Dec 6, 2007

What I like about TeamCity: Pre-tested commit

I am one of the TeamCity developers so you can surely consider my opinion to be biased. But I am speaking here of a typical problems that any of you can experience and will try not to brag about my product too much ;-)

I'm a software developer. And though TeamCity is not an individual tool like IntelliJ IDEA, I'd like to present TeamCity features which ease my life as a software developer.

Pre-tested commit

In days before TeamCity, I used to write the following command line:
kir@work:~$ ant test && svn ci -m "FBQ-3324 fixed"

As you see, all I want is to ensure that my changes don't break tests and commit them the to version control afterwards. Usually, I wrote such a command once a day, right before going home.

Why I did so? Running the tests was a rather long process, because there were plenty integration and functional tests. And this situation is quite normal for non-pet projects. And still, I want to run all the tests to ensure that my changes won't break the build and the team is not affected by problems in my code.

Unfortunately, running a full suite of tests on the own machine is a luxury I can afford only when going home (or in the lunch time). Usually the computer load caused by running tests is pretty high and interrupts the productive development process.

Back to TeamCity. My current use case is as follows:

  1. I do some modifications in the code, write more tests
  2. I send the changelist to TeamCity and mark build configurations to be built with my changes. I also set checkbox "Commit if build successful" (see the illustration screenshot below)
  3. I continue working with the code (edit same files, write more tests)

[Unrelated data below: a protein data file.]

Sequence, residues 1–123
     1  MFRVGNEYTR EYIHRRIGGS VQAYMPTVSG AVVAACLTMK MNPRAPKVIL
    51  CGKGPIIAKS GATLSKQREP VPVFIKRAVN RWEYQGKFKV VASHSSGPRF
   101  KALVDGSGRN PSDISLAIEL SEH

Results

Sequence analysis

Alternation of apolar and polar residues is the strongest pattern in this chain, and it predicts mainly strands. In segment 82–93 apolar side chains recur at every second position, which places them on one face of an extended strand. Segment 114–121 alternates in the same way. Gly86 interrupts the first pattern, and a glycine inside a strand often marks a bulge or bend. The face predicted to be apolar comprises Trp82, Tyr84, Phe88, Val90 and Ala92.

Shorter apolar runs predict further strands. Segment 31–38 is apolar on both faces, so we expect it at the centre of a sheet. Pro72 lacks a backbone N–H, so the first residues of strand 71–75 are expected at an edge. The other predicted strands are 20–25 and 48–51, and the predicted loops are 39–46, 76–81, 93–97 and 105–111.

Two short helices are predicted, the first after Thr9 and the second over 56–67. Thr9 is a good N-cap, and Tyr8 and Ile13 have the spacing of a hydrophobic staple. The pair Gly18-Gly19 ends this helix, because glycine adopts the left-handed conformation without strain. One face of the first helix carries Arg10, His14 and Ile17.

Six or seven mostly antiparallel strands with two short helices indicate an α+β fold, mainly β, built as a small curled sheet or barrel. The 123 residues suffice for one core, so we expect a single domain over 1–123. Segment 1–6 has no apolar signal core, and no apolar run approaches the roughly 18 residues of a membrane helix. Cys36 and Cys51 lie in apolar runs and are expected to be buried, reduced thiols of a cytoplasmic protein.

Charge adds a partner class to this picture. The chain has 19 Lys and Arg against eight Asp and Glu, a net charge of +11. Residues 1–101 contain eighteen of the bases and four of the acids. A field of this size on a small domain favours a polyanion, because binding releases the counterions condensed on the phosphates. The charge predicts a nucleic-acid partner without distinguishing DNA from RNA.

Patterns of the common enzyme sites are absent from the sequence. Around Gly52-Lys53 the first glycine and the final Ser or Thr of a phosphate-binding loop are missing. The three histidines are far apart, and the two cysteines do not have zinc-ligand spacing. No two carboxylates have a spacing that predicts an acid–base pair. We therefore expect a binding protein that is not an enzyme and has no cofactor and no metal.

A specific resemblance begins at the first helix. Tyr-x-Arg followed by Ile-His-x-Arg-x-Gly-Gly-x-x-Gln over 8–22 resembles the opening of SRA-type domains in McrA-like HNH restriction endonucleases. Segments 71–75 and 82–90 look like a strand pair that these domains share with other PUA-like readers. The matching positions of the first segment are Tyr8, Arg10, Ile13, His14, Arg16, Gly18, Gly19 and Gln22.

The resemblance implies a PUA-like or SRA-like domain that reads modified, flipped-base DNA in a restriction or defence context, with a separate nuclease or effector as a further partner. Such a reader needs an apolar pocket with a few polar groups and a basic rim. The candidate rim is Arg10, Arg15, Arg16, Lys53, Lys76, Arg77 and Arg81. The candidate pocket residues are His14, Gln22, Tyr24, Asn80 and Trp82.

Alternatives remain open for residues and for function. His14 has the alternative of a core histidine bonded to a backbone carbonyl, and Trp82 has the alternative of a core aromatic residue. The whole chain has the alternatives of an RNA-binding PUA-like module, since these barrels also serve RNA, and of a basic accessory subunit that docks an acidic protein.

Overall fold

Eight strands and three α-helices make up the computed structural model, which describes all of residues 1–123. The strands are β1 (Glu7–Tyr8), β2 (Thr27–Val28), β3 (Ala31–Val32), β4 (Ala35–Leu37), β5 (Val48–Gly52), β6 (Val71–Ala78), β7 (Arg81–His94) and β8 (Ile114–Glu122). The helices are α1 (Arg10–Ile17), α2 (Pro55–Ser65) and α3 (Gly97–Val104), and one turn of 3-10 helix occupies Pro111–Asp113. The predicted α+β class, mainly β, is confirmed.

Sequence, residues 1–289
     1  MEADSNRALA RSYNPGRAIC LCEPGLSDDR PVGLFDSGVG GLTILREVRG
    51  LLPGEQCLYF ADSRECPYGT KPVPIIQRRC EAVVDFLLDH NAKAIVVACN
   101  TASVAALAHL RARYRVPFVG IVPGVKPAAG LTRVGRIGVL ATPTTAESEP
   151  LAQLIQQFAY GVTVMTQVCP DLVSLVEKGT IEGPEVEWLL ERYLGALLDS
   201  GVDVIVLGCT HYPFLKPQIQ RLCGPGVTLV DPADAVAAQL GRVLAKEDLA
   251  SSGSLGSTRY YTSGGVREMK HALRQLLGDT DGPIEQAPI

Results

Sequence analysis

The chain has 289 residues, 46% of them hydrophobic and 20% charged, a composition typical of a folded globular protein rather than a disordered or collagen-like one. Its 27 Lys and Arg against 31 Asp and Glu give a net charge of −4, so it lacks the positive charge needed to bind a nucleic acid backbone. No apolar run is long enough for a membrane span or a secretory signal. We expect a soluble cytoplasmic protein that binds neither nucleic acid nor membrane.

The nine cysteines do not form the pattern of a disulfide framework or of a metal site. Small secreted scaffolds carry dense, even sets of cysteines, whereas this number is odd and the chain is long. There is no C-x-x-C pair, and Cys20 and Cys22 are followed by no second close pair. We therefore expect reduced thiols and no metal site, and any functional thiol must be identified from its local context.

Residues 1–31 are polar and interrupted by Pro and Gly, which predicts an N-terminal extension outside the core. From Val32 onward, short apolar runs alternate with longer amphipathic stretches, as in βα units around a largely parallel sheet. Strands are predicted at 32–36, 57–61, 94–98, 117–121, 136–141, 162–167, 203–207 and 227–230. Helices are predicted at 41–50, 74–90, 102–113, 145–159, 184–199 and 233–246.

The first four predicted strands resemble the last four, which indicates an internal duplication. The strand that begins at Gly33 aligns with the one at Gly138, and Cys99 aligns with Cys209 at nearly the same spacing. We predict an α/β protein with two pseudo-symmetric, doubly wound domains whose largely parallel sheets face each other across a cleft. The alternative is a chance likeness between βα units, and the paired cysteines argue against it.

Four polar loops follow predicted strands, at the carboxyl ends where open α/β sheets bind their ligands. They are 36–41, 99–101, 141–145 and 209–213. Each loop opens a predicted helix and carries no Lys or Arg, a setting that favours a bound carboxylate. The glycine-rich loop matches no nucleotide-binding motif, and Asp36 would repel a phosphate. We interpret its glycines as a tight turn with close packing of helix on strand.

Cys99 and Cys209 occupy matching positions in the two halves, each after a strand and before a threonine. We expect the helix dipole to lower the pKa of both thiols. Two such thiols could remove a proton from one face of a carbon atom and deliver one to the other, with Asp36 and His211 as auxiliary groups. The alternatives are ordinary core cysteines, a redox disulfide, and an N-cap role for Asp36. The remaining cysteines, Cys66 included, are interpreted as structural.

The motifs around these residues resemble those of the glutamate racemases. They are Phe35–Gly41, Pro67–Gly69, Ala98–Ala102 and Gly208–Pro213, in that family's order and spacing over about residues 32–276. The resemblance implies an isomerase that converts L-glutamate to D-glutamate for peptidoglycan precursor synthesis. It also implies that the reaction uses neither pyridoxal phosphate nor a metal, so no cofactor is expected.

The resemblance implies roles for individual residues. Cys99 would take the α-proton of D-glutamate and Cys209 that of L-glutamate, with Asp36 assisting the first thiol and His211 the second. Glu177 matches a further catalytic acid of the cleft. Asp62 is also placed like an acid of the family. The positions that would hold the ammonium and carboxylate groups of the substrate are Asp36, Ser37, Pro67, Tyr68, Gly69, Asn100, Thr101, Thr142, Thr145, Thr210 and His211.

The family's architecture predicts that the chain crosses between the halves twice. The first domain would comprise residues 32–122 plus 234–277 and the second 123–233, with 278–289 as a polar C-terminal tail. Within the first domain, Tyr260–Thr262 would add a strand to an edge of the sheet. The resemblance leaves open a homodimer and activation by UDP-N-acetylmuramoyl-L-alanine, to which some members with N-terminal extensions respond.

4. If TeamCity builds were successful, my IDE got the corresponding notification and my changes made in position 2 are sent to the version control. I continue working with the code, preparing for the new pre-tested commit.
  5. If the TeamCity builds were unsuccessful, I get the information about failed tests, navigate to the failing stacktrace (all within IDE), and fix discovered problems. I.e. the build with my problematic code was run on TeamCity build agent and didn't affect the version control and my team mates' work.
  6. The TeamCity build may be unsuccessful, but no new tests has failed (this information is also provided by TeamCity). In this case I may decide to force commit of my changes. I am on the safe side when doing that, because TeamCity IDE plugin remembers the state of my code when remote build was initiated.

So, as you can see, I am pretty confident that my changes won't break the build and the bad code won't go to the version control. And I like this.

What happens, when someone else commits changes and these changes conflict with mine? In such case, my commit will be rejected and IDE plugin will notify me about that. I'll have to update changed files from the version control and resolve the conflict manually - no unexpected magic here.

Please note, that TeamCity supports this scenario with different IDEs, including IntelliJ IDEA 6.0/7.0, Eclipse, and Visual Studio, with minor variations.

This feature is described on the JetBrains site in more detail, but may be it's better to try it and see for yourself.

Good luck and successful builds,